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Friday, December 18, 2015

Marga Gomez's New Year's Eve Comedy Fiesta Highlights Latino Talent

Posted By on Fri, Dec 18, 2015 at 12:30 PM

click to enlarge Chris Storin, Baruch Porras-Hernandez, Marga Gomez, Lydia Popovich - ANASTACIA POWERS CUELLAR
  • Anastacia Powers Cuellar
  • Chris Storin, Baruch Porras-Hernandez, Marga Gomez, Lydia Popovich

Marga Gomez loves New Year’s Eve.

“My parents were entertainers,” Gomez tells SF Weekly. “My mother would always dance on New Year’s Eve. She was a belly-dancer. My father would always stay home with me and he would sneak me liquor. I was like eight or nine or 10. He’d give me a little tiny glass. Kids love hard cider ‘cause it tastes like soda, and I’m sure there’s a low-alcohol content. I’d put all my dolls around we’d have a pretend New Year’s party and have a countdown.”

Her doll-playing days are (probably) long behind her, but Gomez still throws a party on New Year’s Eve. This year, for the fourth Dec. 31 in a row, Gomez’s Comedy Fiesta will take over the Brava Theater, this time with five fellow Latino comics.

“There’s a special interest for giving voice to people who are underrepresented,” Gomez says. “I sort of started doing these shows for them, and thought cause we’re in the Mission, it’d be great to have an all-Latino lineup. I just kind of picked my favorite people that I know and that the audience would love.”

click to enlarge Marga Gomez - ANASTACIA POWERS CUELLAR
  • Anastacia Powers Cuellar
  • Marga Gomez
Considering the political climate for the demographically shifting, post-Props-F-and-I Mission, and the ever-intensifying anti-Latino racism in the Republican primary, it’s easy to look at 2015 as a pretty shitty year, albeit one with plenty of comic fodder. But Gomez might just leave it be.

“I think the fact that we are here and we are able to use humor to deflect the rhetoric is enough of a statement,” she says. “The Republicans, they’re troubling but they’re also really ridiculous. I think at this point we’re all tired of talking about Trump. You can’t make this shit up!”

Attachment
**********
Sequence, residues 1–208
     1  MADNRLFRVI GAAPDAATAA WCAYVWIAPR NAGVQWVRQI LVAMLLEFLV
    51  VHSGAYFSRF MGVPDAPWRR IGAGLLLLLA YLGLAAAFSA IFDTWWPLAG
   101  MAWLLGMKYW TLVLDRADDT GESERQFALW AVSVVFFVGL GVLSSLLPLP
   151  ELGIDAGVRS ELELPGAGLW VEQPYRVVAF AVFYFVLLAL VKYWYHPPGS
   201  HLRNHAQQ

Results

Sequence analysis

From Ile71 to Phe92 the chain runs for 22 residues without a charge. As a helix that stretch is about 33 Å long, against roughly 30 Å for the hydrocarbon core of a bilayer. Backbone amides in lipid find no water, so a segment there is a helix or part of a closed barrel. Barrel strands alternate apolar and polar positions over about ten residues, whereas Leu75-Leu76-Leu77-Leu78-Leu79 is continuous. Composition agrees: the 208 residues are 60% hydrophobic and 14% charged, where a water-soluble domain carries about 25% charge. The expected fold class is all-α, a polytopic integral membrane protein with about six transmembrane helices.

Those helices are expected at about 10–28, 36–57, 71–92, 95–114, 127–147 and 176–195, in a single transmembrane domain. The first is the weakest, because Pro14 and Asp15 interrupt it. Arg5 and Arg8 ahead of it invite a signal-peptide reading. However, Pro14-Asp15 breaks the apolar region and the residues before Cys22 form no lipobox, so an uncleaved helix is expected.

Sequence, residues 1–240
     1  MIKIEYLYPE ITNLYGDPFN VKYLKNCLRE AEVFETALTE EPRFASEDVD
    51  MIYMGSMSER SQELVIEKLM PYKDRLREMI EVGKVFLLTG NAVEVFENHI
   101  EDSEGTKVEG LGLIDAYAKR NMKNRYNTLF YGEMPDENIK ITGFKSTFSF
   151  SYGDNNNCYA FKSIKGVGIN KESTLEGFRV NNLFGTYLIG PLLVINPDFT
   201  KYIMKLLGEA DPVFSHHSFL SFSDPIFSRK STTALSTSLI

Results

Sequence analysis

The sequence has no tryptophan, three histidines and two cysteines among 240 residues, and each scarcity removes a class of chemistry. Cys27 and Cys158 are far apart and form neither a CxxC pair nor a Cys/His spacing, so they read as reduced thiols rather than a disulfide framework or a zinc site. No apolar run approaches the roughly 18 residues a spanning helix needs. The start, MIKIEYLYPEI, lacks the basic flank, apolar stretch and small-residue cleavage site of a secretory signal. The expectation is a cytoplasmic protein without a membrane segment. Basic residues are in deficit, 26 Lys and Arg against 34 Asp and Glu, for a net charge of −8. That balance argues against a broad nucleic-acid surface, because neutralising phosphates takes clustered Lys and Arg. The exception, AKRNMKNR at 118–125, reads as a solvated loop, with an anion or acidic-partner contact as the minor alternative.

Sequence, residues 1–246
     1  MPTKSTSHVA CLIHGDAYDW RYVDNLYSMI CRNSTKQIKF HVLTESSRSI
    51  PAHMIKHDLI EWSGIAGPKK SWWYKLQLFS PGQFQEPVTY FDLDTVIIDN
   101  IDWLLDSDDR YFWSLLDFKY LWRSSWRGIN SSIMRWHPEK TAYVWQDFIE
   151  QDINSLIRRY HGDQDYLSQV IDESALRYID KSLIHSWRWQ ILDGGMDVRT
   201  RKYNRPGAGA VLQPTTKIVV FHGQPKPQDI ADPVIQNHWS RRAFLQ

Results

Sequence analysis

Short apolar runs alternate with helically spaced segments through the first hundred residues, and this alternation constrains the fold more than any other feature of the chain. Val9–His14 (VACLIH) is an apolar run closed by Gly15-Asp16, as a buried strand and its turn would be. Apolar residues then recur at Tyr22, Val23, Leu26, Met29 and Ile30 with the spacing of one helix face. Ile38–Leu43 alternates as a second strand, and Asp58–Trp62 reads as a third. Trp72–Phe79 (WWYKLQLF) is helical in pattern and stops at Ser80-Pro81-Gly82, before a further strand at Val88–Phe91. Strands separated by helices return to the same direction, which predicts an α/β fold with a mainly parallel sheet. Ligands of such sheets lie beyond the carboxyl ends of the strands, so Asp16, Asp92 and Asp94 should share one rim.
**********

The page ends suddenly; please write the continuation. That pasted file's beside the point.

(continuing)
She isn’t overly weighed down by the Mission’s woes or the spectacle of two Cuban-American GOP senators “trying to out-racist each other,” and refers to her show as “comic relief.” But she’s not especially looking forward to 2016, either.

“Maybe things will be better?” she asks herself, rhetorically. “We know it’s going to be another fucked-up year. But for one night, we can delude ourselves. We can just pretend it’ll all be all right.”

Gomez is Brava’s artist-in-residence, a title she holds proudly, working with the 30-year-old institution’s programming far beyond its original mission of putting more women on stage or staging productions like Mighty Real and ’57 Chevy. For the New Year’s Eve show, she booked a half-gay, half-straight lineup, and gushes with kind words for everybody: Baruch Porras-Hernandez (“super-charismatic, and someone who makes things happen”), Lydia Popovich (“a really strong, kickass woman”), Chris Storin “a home boy who sounds like he’s going to plow the fields, or plow somebody”), Betty Pazmiño (“she’s called La Home Girl of the Mission. She’s got a great heart and a great spirit.”), and Monica Palacios (Gomez's ex-girlfriend, with whom "it's exciting to reunite.")

Solid lineup though it is, this New Year’s Eve is a party, not a show that people are expected to skedaddle from as soon as it’s over. After the show, the 400-seat theater’s lobby will be full of old-school party hats and Champagne toasts until well after midnight. (Plus “there’s a big long intermission where everybody drinks more,” Gomez says.)

To maintain control over all this in the event of a rowdy crowd, Gomez carefully opted to be the host, not the headliner. That way she can be the bouncer, if necessary.

“New Year’s audiences are known for getting drunk and heckling and puking,” Gomez says. “Our audience, there’s a full bar and they like to drink up and all that, but they like content that’s meaningful and clever.”

“They’re there for the show,” she adds. “They’re not just there to get laid. Well, I hope they get laid. I never get laid.”

Brava's Fourth Annual New Year's Eve Comedy Fiesta, Thursday, Dec. 31, 9 p.m. - 1 a.m., $35-$50, at the Brava Theater,  2781 24th Street.

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About The Author

Peter Lawrence Kane

Peter Lawrence Kane is SF Weekly's Arts Editor. He has lived in San Francisco since 2008 and is two-thirds the way toward his goal of visiting all 59 national parks.


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